EDITOR’S NOTE: This story was written in response to a reader-submitted request through Open Source, a platform where readers can ask Richland Source’s newsroom to write about an event or get a question answered.
“I would like to see the city of Mansfield put in a new public pool at Liberty Park. Something big enough to handle large amounts of swimmers. I would also like to see the park fully renovated and new picnic shelters and restrooms so that the people of Mansfield have a nice place to go. It would also look attractive to potentially get people to move back to town and want to raise their families here. We really need to do something to attract people to our great City of Mansfield.”
MANSFIELD — The largest city in Richland County has had no public swimming pool since the Liberty Park facility closed permanently in August 2021 due to major maintenance issues.
This is the second full summer of no place for children and families in Mansfield, with a population of 48,000, to escape the summer heat by diving into the cool waters of a public pool.
The city, using grant money from the Richland County Foundation, opened two concrete splash pads in North Lake Park and Johns Park in 2022, though both experienced operational issues.
But as the two-year anniversary of the Liberty Park pool approaches, there are no easy answers as to when the city will again have a public pool or when additional elements of its “master plan” for parks will be implemented.
One thing, however, is clear — nothing is going to happen quickly at this point.
Mayor Tim Theaker has less than six months left in his final term in office and there is no money in the 2023 budget for a pool or additional expansive park plans, other than what is taking place at the “Sterkel Park for All.”
The city will have a new mayor, finance director and law director for the first time in 12 years when 2024 begins — and perhaps some new faces on City Council.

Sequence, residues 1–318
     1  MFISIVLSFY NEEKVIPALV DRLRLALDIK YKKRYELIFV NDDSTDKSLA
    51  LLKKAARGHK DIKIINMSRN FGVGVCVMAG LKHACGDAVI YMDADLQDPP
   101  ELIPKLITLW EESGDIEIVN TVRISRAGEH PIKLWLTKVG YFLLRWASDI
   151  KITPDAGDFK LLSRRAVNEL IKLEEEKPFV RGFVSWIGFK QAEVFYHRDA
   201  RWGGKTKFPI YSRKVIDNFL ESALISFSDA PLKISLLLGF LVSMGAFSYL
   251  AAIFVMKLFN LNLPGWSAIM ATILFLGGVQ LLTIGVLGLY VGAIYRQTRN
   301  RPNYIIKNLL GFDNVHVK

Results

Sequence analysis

Regardless of whose hand is on the rudder, decisions about park improvements — and a new public pool — all come down to one thing.
Or the lack thereof.
Fiscal emergency 2009-2014
An understanding of current financial issues with the city’s parks has to begin with the examination of a painful financial journey that began 14 years ago.
The City of Mansfield went into five years of state-ordered fiscal emergency in 2009 after years of spending more money than it received. No one could say they didn’t see it coming.
Dave Yost, then the state auditor, placed Mansfield under fiscal watch Dec. 15, 2009. The city had forecasted deficit for that year of $2.9 million in its general fund.
Fiscal emergency was instituted on Aug. 19, 2010, after deficits in seven funds came to $3.8 million.
Many tough decisions had to be made in order to correct the city’s books. Priorities had to be established as belts were tightened.
City workers were laid off. Retirees or others leaving the city’s employ were not replaced. Fees charged to residents were increased in a myriad of ways.
As part of the required cost cutting, Mansfield’s parks system was ordered closed. The entire department was shelved for five years. Maintaining the city’s parks was not a high priority item.
PRIDE Tax approved in 2013
A key to bringing back the parks came when Theaker and City Council asked voters to approve a quarter-percent income tax increase in November 2013.
The PRIDE tax, which stands for parks and recreation, illumination and demolition and emergency services, was designed to raise about $3.7 million annually for those specific services.
The tax allots 50 percent of its revenue to Mansfield’s fire and police departments, 22 percent to the parks and recreation department, 20 percent demolition and eight percent to illumination.
It was not an easy sell, approved by just a 141-vote citywide margin (3,414 to 3,273).
The PRIDE tax, which now generates about $850,000 for parks and recreation, allowed the parks department to return in 2014 after a five-year hiatus, led by Mark Abrams, the parks and rec superintendent.
The tax was successfully renewed in 2017 and 2021.
With PRIDE tax money over the last eight years, Abrams has been able to begin a gradual rebuild of the parks system, including maintenance and mowing and new playground equipment at several sites.
The department has also been able to participate in summer programming for youth and other events.
Abrams even proposed a new skatepark at Maple Lake Park in 2019, a project City Council hotly debated and ultimately never approved.